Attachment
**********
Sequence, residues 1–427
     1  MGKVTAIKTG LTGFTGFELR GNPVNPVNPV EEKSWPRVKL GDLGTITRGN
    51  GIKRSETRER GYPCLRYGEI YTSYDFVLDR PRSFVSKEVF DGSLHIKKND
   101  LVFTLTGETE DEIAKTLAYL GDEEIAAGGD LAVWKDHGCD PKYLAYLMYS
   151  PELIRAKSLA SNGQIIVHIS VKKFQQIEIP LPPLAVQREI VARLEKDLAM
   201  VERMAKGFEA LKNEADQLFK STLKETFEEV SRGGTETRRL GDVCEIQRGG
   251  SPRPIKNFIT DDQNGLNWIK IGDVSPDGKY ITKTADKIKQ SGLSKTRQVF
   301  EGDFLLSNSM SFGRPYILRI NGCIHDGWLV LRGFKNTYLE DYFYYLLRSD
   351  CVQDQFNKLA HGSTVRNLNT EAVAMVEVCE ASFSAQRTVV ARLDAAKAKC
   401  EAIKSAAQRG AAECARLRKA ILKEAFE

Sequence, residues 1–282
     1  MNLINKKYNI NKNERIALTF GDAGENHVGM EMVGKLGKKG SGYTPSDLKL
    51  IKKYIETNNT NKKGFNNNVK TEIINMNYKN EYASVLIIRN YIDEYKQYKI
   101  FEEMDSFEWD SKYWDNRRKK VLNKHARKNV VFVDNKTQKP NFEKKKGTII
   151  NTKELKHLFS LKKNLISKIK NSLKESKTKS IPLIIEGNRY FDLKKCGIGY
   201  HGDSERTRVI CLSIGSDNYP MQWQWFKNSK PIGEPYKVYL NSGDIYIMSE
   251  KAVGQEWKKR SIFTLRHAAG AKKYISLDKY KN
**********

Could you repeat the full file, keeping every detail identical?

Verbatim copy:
Sequence, residues 1–427
     1  MGKVTAIKTG LTGFTGFELR GNPVNPVNPV EEKSWPRVKL GDLGTITRGN
    51  GIKRSETRER GYPCLRYGEI YTSYDFVLDR PRSFVSKEVF DGSLHIKKND
   101  LVFTLTGETE DEIAKTLAYL GDEEIAAGGD LAVWKDHGCD PKYLAYLMYS
   151  PELIRAKSLA SNGQIIVHIS VKKFQQIEIP LPPLAVQREI VARLEKDLAM
   201  VERMAKGFEA LKNEADQLFK STLKETFEEV SRGGTETRRL GDVCEIQRGG
   251  SPRPIKNFIT DDQNGLNWIK IGDVSPDGKY ITKTADKIKQ SGLSKTRQVF
   301  EGDFLLSNSM SFGRPYILRI NGCIHDGWLV LRGFKNTYLE DYFYYLLRSD
   351  CVQDQFNKLA HGSTVRNLNT EAVAMVEVCE ASFSAQRTVV ARLDAAKAKC
   401  EAIKSAAQRG AAECARLRKA ILKEAFE

Sequence, residues 1–282
     1  MNLINKKYNI NKNERIALTF GDAGENHVGM EMVGKLGKKG SGYTPSDLKL
    51  IKKYIETNNT NKKGFNNNVK TEIINMNYKN EYASVLIIRN YIDEYKQYKI
   101  FEEMDSFEWD SKYWDNRRKK VLNKHARKNV VFVDNKTQKP NFEKKKGTII
   151  NTKELKHLFS LKKNLISKIK NSLKESKTKS IPLIIEGNRY FDLKKCGIGY
   201  HGDSERTRVI CLSIGSDNYP MQWQWFKNSK PIGEPYKVYL NSGDIYIMSE
   251  KAVGQEWKKR SIFTLRHAAG AKKYISLDKY KN